The ancient pump has been in the Market Place (although has moved position) for many years. The Fountain marks the centre of the old and present Enfield Town; the present market place nearby next to St Andrews church dates from 1532, prior to which it was held on a small green nearby. The former green was progressively encroached upon and now the only surviving remnant is the small paved triangular area surrounding the fountain. The fountain dates from 1884, when funds were raised, according to the inscription “Erected by public subscription 1884”.
The Market Office is in the nearby Old Vestry Office (22 The Town) which is also a Grade II listed building. All these buildings have a direct connection with the Market Place which enhances their settings or gives them meaning and purpose.
In 1303, Edward I granted a charter to Humphrey de Bohun, and his wife to hold a weekly market in Enfield each Monday, and James I granted another in 1616, to The Parish, for a Saturday market. At that time it was held on a smaller area in front of the Church gates which by 1648 had been extended and market buildings including stalls, the Cross, Pump and Market House had been erected. A fair was held once a year on St Andrews day in St Andrews Close and an elaborate Gatehouse erected. More stalls were built in 1656. The Market was still prosperous in the early eighteenth century. In 1721 it was leased to the landlord of the Kings Head who kept 50 Pairs of trestle tables to be set out on Saturdays, but by 1778 it seems to be failing and by 1813 it was in a sad condition and the old stone Cross had been removed (another was erected in 1826 which is now at Myddelton House).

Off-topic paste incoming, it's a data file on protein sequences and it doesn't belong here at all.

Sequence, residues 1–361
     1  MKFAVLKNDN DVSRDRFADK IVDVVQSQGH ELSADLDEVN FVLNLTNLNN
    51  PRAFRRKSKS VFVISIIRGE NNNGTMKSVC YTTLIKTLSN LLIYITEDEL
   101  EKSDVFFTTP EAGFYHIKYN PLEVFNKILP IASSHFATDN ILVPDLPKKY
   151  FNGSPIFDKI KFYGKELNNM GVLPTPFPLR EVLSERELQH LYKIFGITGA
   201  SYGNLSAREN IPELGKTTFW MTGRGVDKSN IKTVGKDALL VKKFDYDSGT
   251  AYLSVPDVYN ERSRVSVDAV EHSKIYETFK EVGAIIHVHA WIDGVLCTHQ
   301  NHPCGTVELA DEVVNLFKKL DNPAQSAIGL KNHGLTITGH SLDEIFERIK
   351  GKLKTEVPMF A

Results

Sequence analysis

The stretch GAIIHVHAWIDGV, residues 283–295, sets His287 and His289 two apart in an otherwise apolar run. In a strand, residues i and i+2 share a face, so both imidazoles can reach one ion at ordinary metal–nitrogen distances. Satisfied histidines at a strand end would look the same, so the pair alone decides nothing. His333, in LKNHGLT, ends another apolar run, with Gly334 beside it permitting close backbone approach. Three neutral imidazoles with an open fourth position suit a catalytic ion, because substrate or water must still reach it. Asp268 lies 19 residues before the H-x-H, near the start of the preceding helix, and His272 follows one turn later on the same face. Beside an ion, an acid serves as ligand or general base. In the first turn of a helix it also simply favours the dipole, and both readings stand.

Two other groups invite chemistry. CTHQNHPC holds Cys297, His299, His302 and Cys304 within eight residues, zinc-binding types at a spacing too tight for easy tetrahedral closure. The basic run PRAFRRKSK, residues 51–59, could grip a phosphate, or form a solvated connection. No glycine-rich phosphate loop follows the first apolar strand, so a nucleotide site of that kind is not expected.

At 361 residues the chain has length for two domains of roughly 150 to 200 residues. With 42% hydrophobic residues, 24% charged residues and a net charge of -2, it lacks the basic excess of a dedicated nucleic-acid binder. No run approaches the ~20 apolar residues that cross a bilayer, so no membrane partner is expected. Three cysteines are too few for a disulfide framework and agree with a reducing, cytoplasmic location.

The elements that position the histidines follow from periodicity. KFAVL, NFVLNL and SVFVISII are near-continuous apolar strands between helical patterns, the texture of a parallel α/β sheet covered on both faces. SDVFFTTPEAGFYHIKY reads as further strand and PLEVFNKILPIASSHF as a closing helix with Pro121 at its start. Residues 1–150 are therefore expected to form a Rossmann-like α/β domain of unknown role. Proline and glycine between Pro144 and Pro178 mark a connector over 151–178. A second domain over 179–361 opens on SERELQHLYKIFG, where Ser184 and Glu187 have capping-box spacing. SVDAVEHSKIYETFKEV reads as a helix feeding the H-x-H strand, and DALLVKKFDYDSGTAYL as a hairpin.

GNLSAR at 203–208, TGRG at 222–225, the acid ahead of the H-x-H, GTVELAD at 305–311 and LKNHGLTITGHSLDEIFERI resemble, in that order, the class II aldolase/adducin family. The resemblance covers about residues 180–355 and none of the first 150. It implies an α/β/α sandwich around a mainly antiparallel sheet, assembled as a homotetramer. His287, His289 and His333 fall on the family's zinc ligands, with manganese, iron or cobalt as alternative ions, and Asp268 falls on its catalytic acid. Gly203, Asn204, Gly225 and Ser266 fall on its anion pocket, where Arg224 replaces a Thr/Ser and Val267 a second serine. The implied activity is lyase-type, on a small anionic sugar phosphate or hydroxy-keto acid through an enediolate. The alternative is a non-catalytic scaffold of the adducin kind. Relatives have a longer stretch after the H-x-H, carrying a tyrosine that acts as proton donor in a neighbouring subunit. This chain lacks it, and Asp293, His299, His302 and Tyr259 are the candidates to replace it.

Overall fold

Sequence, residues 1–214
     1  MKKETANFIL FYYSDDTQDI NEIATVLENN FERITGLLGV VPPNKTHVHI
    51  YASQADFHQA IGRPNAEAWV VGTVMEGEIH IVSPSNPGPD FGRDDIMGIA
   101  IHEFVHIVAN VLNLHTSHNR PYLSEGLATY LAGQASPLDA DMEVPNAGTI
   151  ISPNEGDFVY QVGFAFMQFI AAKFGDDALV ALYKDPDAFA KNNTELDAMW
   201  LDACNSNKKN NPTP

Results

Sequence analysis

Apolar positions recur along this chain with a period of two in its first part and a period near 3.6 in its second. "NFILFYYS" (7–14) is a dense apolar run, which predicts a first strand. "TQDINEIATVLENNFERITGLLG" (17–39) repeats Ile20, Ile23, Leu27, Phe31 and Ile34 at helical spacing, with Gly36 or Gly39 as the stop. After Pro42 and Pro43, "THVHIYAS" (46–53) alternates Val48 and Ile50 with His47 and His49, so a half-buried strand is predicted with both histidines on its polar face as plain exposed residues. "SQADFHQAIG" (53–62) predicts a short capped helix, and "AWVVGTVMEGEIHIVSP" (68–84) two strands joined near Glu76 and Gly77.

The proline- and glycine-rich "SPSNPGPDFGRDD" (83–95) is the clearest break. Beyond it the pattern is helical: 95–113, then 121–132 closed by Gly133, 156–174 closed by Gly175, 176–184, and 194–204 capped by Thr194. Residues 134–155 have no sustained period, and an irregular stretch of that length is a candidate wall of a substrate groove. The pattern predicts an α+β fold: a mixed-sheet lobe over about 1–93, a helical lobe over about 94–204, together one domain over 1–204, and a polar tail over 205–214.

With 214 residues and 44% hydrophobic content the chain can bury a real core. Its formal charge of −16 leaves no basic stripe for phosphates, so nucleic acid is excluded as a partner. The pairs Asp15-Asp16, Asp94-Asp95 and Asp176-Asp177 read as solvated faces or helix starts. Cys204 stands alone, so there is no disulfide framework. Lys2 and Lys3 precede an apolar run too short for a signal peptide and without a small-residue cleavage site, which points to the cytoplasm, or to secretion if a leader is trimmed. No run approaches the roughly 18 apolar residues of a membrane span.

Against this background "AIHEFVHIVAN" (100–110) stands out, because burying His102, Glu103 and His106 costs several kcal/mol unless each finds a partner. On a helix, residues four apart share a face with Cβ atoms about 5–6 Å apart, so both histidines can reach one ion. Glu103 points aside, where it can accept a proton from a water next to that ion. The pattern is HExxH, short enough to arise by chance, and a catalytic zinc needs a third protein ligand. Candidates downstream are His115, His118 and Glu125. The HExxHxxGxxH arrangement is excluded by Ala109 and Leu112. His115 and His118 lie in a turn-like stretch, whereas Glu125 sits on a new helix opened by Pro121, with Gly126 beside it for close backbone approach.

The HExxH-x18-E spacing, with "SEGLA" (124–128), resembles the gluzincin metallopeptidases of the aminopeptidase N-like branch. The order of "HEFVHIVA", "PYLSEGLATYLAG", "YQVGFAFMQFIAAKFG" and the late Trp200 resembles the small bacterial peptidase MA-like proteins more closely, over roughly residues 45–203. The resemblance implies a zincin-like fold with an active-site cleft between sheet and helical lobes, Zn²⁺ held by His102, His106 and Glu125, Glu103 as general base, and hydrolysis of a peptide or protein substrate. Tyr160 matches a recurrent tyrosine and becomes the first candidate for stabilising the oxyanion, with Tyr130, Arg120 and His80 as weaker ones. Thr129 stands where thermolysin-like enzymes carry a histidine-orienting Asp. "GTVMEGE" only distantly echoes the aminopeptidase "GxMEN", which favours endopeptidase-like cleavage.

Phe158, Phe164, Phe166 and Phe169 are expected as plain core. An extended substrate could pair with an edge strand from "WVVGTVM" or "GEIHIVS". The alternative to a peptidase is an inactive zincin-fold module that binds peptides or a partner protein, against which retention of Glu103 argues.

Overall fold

There were sporadic attempts to revive the Market: an unsuccessful one of 1778 is recorded, In 1858, J. Tuff wrote of the market “several attempts have been made to revive it, the last of which, about twenty years ago, also proved a failure, It has again fallen into desuetude and will probably never be revived”. However, this pessimism was premature as trading resumed in the 1870s and in 1904 a new wooden Market House was built to replace the stone Cross, by now decayed, which was removed to Myddelton House where it still is. By 1919 the Gazette was reporting that “on most days of the week the Market Place seems to be regarded as an area for trick cycling”.
The Market still takes place in the Market Place on Thursdays, Fridays and Saturdays, and is currently undergoing another revival. It is administered by the Old Enfield Charitable Trust although the extent of the Trust’s ownership and responsibilities is not clear.
Apart from the Market activities the Market Place is a traditional gathering place for the inhabitants of the area. The London Journal of 17 August 1723 records that Thomas Duncombe was pilloried there. For many years from 1688 onwards it was the setting for a bonfire on 5th November. In 1721 three men collecting wood on the Chase for the bonfire were caught and and sentenced to 3 months with hard labour and a public whipping in the Market Place, which sentence was mercifully over-turned. Information from David Pam’s “A History of Enfield” and “ The Story of Enfield Chase”
1897 by W. Gilbert Scott. Exuberant Flemish Renaissance style. Three / four storey. Red brick with stone detailing. Ground floor stone faced, with decorative detailing. Arched windows. Projecting arched canopy on Corinthian columns. Dutch gables to front and side. Steep pitched
slated roof with central cuppola / turret.
Old Vestry Offices (Grade II)
No. 22 The Town is a small, lodge-like building of circa 1800. 2-storey centre and one-storey sides canted back. Stucco with 1st floor band continuing as frieze of side wings. Impost band to round-headed windows in wings. Central double door, now half-glazed, in quasi-entablature surround with pediment. Sash windows, some with glazing bars. Centre 1st floor window round-headed tripartite in round-arched recess. Low pitched hipped slate roof. Listing includes the forecourt and ornate railings
32–35 The Town
Nos. 32–35 form a group, with no 33/34 as the four storey centrepiece of a curving façade, flanked by three storey wings (32 & 35). No 33/34 has a high parapet and heavy cornice above its attic storey; all the first floor windows